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Lunar New Year Resource Guide

Lunar New Year Resource Guide

Lunar New Year, also known as Chinese New Year or Spring Festival, celebrates the beginning of a new year on the traditional lunisolar Chinese calendar. It was traditionally a time to honor deities as well as ancestors, and it has also become a time to feast and visit family members. 

The Chinese base their New Year celebration on the lunar calendar instead of the solar one used in the West. Whereas people who follow the solar calendar always celebrate the New Year on Jan. 1, the Lunar New Year will depend on the moon. Generally, it is celebrated in February, yet the exact day will vary from year to year. This year it will be Jan. 22.

The San Diego County Office of Education is focused on creating equitable access with consistently strong outcomes for all students, paying special attention to the needs of historically marginalized populations. This resource guide will provide information and resources to support the celebration of the Chinese New Year.

2023 - The Year of the Water Rabbit

For Chinese people, the rabbit is a tame creature representing hope and life for a long time. It is tender and lovely. The Chinese Zodiac Animal Signs are grouped in six pairs according to the balance between Yin and Yang. Each of the six groupings is associated with one of six destiny aspects known as Houses. These Houses influence the overall characteristics of the time period in which the Chinese Zodiac Animal Sign rules. The second House is the House of Expansion, which is associated with the Tiger and Rabbit. The year of the Rabbit is predicted to be a year of hope.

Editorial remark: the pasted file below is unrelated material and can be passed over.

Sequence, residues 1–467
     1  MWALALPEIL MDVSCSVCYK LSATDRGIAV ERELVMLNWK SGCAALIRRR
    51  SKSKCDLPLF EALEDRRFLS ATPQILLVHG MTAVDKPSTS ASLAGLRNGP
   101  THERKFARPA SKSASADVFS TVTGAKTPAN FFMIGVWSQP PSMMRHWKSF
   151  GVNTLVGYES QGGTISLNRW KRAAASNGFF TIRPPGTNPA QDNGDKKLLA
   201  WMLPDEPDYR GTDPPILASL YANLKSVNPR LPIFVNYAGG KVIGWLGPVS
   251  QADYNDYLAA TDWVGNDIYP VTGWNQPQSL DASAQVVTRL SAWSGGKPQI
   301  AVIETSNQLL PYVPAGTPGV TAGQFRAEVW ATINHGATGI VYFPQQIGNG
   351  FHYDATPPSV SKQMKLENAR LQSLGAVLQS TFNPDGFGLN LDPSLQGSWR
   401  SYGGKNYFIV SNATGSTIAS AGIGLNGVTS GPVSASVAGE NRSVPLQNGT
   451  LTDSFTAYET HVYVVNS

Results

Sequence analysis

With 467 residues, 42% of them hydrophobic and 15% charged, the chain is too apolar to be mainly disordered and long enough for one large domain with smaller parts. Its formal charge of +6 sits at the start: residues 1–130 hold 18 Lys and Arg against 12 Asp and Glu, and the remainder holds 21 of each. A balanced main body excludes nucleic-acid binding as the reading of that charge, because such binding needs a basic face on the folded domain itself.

Lunar New Year Festivals

Celebrate the Lunar New Year and learn more about Chinese community members and culture at a Lunar New Year festival near you. Check your local library for youth craft and reading events.

Educational Resources

Curricular Resources

Video Resources

I want to see my culture and my history represented in the curriculum because it's important not only for me to know my history, but others as well.
- San Diego County student

Asian Student Experience Panel

Books Celebrating Asian American Pacific Islander Culture

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Picture Books

The article, Eight of Our Favorite Asian American Picture Books, has information and recommendations on diverse and authentically representative picture books for Asian American youth.

  • Clever Little Witch, by Muon Thi Van and Hyewon Yum
  • How to Solve a Problem: The Rise (and Falls) of a Rock-Climbing Champion, by Ashima Shiraishi and Yao Xiao
  • Juna’s Jar, by Jane Bahk and Felicia Hoshino
  • Lift, by Minh Le and Dan Santat
  • Our Favorite Day, by Joowon Oh
  • Puddle, by Hyewon Yum
  • Redwoods, by Jason Chin
  • Super Satya Saves the Day, by Raakhee Mirchandani and Tim Palin
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High School and Adult Books

The New York Public Library published the article, Major Feelings: An Asian Pacific Islander Desi American (APIDA) Reading List, on noteworthy adult novels, graphic novels, short stories, memoirs, and nonfiction books that explore the broad canopy of writing by Asian Pacific Islander Desi Americans (to include people from the Indian subcontinent and diaspora).